Friday, October 28, 2011

Five Interesting & Quite New CJEU Cases

Some recent and interesting IT&IP cases from Luxemburg.
  • Pierre Fabre Dermo-Cosmétique C‑439/09. This relatively unknown decision is actually one of the most important developments of the competition law when it comes to the internet. With AG prof. Mazák, Third Chamber of the Court of Justice held that Article 101(1) TFEU must be interpreted as meaning that, in the context of a selective distribution system, a contractual clause requiring sales of cosmetics and personal care products to be made in a physical space where a qualified pharmacist must be present, resulting in a ban on the use of the internet for those sales, amounts to a restriction by object within the meaning of that provision where, following an individual and specific examination of the content and objective of that contractual clause and the legal and economic context of which it forms a part, it is apparent that, having regard to the properties of the products at issue, that clause is not objectively justified. In other words, if you can not objectively justify the non-internet sale clause, you risk the trouble with CJEU :)
  • Brüstle C-34/10. This widely reported patent case created fuss around all the blogs and newspapers Huťko reads and it even messed up Huťko's friends PhD thesis (dirty CJEU! :)). Grand Chamber of Court of Justice held that exclusion from patentability concerning the use of human embryos for industrial or commercial purposes also covers the use of human embryos for purposes of scientific research, only use for therapeutic or diagnostic purposes which are applied to the human embryo and are useful to it being patentable. CJEU also explained what he believes is human embryo within the meaning of Directive 98/44/EC. Best covered by IPKat as usually.
  • Freixenet v OHIM C-344/10 P and C-345/10 P. The case concerns registration of two three-dimensional trade marks representing a frosted white bottle and a frosted black matt bottle from the perspective of distinctive character of a sign. CJEU didn't invent anything new and just confirmed that trade marks consisting of the appearance of the product itself or the packaging of goods, such as liquids, which are packaged in trade for reasons linked to the very nature of the product, also applies where, as in the present case, the trade mark for which registration is sought is an ‘other’ mark consisting of the specific appearance of the surface of the packaging of a liquid product. In such a case, the mark likewise does not consist of a sign that is independent of the appearance of the necessary packaging of the products it designates. Some good coverage is provided at Marques blog.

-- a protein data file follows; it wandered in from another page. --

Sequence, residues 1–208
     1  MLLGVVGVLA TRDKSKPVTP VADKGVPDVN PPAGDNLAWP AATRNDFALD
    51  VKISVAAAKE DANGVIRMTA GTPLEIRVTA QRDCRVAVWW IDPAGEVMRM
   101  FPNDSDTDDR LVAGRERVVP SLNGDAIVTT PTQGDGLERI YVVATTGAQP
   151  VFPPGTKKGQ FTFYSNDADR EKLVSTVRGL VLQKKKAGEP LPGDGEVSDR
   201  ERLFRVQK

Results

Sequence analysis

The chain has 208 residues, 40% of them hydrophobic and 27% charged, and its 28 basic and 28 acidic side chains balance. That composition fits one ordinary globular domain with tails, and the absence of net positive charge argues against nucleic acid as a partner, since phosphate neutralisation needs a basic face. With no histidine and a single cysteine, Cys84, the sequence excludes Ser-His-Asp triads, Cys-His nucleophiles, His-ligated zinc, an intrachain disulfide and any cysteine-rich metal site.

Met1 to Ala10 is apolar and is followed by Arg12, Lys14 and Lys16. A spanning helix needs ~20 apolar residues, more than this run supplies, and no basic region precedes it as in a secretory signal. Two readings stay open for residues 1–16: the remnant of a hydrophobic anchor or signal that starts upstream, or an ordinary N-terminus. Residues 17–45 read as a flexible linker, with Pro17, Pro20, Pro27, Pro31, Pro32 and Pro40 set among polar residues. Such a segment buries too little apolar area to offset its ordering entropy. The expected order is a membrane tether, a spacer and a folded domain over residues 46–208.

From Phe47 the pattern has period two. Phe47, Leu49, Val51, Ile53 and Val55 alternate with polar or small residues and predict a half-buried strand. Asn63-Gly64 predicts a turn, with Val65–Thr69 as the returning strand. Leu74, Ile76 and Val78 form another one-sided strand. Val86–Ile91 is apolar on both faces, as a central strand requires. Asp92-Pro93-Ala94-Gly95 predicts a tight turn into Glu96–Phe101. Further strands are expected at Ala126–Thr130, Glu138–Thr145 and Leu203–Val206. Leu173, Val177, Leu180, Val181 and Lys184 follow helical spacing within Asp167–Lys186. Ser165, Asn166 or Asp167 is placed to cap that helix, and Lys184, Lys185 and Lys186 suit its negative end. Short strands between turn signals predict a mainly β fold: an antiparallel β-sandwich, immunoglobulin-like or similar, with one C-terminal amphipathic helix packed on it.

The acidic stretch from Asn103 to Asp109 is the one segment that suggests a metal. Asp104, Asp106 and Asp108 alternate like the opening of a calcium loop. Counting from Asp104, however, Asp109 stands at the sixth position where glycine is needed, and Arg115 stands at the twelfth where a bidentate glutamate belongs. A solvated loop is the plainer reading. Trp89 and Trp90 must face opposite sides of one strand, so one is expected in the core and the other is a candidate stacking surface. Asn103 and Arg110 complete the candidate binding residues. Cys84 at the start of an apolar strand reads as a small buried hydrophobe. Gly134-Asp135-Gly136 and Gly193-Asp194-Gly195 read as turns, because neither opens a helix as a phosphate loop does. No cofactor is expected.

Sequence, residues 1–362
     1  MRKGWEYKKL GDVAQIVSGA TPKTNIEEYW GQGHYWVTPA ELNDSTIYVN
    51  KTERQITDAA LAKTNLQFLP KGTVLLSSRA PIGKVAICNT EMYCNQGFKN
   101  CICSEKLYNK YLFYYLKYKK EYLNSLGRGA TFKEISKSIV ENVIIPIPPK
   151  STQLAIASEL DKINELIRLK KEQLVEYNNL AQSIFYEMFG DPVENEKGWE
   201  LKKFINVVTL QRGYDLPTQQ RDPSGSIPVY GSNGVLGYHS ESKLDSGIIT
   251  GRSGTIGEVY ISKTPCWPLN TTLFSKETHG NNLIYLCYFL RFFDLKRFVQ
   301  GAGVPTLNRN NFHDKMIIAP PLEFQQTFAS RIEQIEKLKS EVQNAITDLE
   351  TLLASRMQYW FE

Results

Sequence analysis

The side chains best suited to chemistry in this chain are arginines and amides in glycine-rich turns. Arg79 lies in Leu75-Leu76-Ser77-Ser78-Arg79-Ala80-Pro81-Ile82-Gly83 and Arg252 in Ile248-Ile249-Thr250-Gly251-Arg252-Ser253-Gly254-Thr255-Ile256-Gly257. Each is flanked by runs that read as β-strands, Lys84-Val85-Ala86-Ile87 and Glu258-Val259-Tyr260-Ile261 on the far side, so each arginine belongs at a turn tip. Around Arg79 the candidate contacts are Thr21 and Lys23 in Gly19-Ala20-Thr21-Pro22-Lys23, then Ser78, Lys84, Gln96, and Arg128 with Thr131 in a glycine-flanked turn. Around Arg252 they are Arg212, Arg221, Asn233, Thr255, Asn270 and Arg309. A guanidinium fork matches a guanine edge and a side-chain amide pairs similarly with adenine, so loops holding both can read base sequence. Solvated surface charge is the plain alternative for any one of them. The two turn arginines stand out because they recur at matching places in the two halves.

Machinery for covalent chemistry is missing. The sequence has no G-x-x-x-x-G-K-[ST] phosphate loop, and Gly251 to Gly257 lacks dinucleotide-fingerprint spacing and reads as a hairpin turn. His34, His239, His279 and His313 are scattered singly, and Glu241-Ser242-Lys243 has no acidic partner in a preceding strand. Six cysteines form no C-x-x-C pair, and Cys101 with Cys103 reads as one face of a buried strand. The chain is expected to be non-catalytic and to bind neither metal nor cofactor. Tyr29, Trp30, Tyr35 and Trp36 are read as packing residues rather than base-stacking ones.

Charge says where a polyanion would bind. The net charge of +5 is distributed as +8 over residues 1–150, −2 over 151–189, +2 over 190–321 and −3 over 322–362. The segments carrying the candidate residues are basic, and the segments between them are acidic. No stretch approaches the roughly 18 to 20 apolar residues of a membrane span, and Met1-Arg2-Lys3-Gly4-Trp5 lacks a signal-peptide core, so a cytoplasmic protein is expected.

• Couture Tech v. OHIM T-232/10. Very interesting case interpreting notion of accepted principles of morality. General Court held that application for a figurative sign that includes hammer and sickle and five-point red star would be contrary to principles of morality in some certain member states. Interestingly GC mentioned only Latvia, Czech republic and Hungary. Huťko wonders why?
  • Bang & Olufsen v OHIM T-508/08. This is Huťko's favorite because it concerns very rare application of Article 7(1)(e)(iii), i.e. sign which consists exclusively of the shape which gives substantial value to the goods (one of the functional exclusion for trade mark registrations). This exclusion is very important because once established, it can not be overcame by acquired distinctive character. The aim is therefore to prevent the exclusive and permanent right which a trade mark confers from serving to extend the life of other rights which the legislature has sought to make subject to ‘limited periods’ (such as design or copyright protection) - see para 65. Eight Chamber of General Court refused registration of the unique shape of loudspeaker as a trade mark on the basis of Article 7(1)(e)(iii). It held that for the goods at issue, the design is an element which will be very important in the consumer’s choice even if the consumer also takes other characteristics of the goods at issue into account. Indeed, the shape for which registration was sought reveals a very specific design and the applicant itself admits, at paragraph 92 of the application in particular, that that design is an essential element of its branding and increases the appeal of the product at issue, that is to say, its value. Furthermore, it is apparent from the evidence referred to at point 33 of the contested decision, namely extracts from distributors’ websites and on-line auction or second-hand websites, that the aesthetic characteristics of that shape are emphasised first and that the shape is perceived as a kind of pure, slender, timeless sculpture for music reproduction, which makes it an important selling point. .. It must be added that the fact that the shape is considered to give substantial value to the goods does not preclude other characteristics of the goods, such as the technical qualities here, from also conferring considerable value on the goods at issue (see para 73 to 77 of the judgement).

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